13 Apr 2022
$50M venture round sees the glassmaking giant invest in Bragg grating technology for ‘extended reality’ devices.
Corning has become the latest blue-chip firm to invest in DigiLens, the Silicon Valley company developing holographic waveguides based on Bragg gratings.
NYSE-listed Corning, ranked high among the world’s largest glass producers, joined Samsung and the venture wings of Mitsubishi Chemical and Universal Display Corporation in support of DigiLens’ series D round now said to have raised more than $50 million.
In previous funding rounds DigiLens has garnered support from the likes of Sony, Panasonic, Foxconn, and auto parts giant Continental.
The company says that the latest injection of cash will be used to strengthen its licensing business model for deploying the waveguides in augmented, virtual, and mixed reality (AR/VR/MR) smart glasses - seen by some as the next major step in the evolution of computing and mobile devices.
Broader design space
DigiLens CEO Chris Pickett said: “As the contours of the next computing category begin to gain better definition among industry participants, you’ll see a core technology industry standard take hold as investors place bets through their corporate and business investment activities.
“This series D round demonstrates our strong strategic foundation in the emerging XR [extended reality] sector. Our diverse set of partners from multiple different industries and backgrounds is taking another step to separate DigiLens from everyone else.”
Pickett adds that the company is currently working on projects featuring its volume Bragg grating technology that will appear in the market over the next 12 months.
“These advances will showcase that we’re the only solution that is going to work when efficiency, uniformity and cost are considered,” he added. “Then, with our next-generation technology, we’ll have a step function in performance that will extend our lead even more.”
That waveguide technology is touted as offering a significant gain in performance while enabling an even lower cost point.
“It represents a breakthrough in diffractive grating technology, effectively broadening the design space that dictates how the technology can be used for near-to-eye displays,” explains DigiLens.
“The novel surface relief structures themselves have no residual bias layer between the gratings and the supporting substrate and are made up of a strong polymer instead of a messy resin.”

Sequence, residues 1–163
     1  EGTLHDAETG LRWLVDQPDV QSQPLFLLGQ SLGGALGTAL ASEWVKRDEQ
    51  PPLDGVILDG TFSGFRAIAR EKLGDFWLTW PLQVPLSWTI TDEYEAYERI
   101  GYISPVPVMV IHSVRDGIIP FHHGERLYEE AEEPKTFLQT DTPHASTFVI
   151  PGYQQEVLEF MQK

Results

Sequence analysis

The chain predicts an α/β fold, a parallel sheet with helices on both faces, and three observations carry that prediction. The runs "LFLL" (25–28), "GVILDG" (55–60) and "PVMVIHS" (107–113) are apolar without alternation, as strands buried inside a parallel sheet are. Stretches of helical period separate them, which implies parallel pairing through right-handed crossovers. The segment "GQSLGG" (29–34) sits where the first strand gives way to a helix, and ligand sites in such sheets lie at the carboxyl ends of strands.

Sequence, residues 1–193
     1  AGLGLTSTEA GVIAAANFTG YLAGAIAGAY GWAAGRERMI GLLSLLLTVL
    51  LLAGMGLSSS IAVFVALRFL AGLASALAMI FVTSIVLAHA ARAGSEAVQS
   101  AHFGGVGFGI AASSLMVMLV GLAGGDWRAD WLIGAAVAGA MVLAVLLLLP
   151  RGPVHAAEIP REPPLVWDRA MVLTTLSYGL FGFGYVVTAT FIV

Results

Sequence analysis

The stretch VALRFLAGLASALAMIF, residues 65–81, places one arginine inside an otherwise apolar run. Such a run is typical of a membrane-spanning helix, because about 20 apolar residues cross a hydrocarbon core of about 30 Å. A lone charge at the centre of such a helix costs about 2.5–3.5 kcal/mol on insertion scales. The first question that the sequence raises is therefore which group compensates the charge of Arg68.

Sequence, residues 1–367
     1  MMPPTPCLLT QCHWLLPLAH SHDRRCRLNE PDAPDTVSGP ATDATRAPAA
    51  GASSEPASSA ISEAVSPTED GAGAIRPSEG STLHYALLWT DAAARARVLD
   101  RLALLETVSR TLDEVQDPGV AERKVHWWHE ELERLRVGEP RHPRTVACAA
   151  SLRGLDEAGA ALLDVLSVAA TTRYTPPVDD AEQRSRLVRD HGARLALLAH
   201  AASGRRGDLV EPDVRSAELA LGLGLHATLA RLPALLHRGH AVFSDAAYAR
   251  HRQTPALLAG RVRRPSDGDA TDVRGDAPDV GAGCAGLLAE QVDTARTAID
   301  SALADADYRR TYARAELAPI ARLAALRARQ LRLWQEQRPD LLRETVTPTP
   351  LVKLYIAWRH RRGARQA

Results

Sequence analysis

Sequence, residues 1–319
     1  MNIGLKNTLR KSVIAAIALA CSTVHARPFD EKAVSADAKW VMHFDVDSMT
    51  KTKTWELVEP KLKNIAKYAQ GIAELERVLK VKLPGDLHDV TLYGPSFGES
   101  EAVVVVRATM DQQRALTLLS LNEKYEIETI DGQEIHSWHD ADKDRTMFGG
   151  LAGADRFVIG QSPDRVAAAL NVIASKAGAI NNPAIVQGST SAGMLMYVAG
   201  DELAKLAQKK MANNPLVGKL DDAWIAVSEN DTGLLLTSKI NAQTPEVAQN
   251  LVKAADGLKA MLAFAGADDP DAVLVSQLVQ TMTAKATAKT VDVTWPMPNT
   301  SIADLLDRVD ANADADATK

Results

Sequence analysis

Crucially, the grating structures are said to be simple to manufacture with the firm’s existing holographic recording process, allowing them to be slanted easily to suit a broad range of requirements while generating high-contrast images.
Larger field of view
DigiLens also says that, compared to traditional surface relief gratings, its new approach does not limit the range of height-to-width aspect ratios - something that should lend flexibility to both fabrication and design challenges.
The result should be much larger fields of view through a waveguide, or a reduction in the number of substrates needed to create a full-color waveguide lens.
Although smart glasses have yet to take off in a major way, DigiLens sees “extended reality” - a blanket term covering AR/VR/MR - as the next evolutionary step in computing from laptops, tablets, and smart phones.
“DigiLens’ volume Bragg gratings are positioned to become the de facto optical standard for smart glass experiences because its technology is four times better than the closest competitor for eye glow and provides the best balance of thin, lightweight, high-performance, low cost, and highly manufacturable waveguide displays for all types of XR devices,” boasts the firm.
Alistair Grant, its SVP of optical engineering, added: “With our volume Bragg gratings, DigiLens has a scalable and cost-effective optics offering ready today, and with the promise we have seen with our next-generation waveguide technologies we’re set to provide the needed wide field of view and thin optical solutions of tomorrow.
“With partners like Corning for glass substrates and Mitsubishi Chemical for plastic substrates, OEMs in the personal computing industry now have the ability to create smart glasses tailored for enterprise, government, and consumer use cases.”
News of the Corning investment follows the launch of DigiLens’ second-generation waveguide at the Consumer Electronics Show (CES) in January.
The new “Crystal30” waveguide is described as the most efficient diffractive waveguide currently on the market, and compatible with both indoor and bright-light outdoor environments.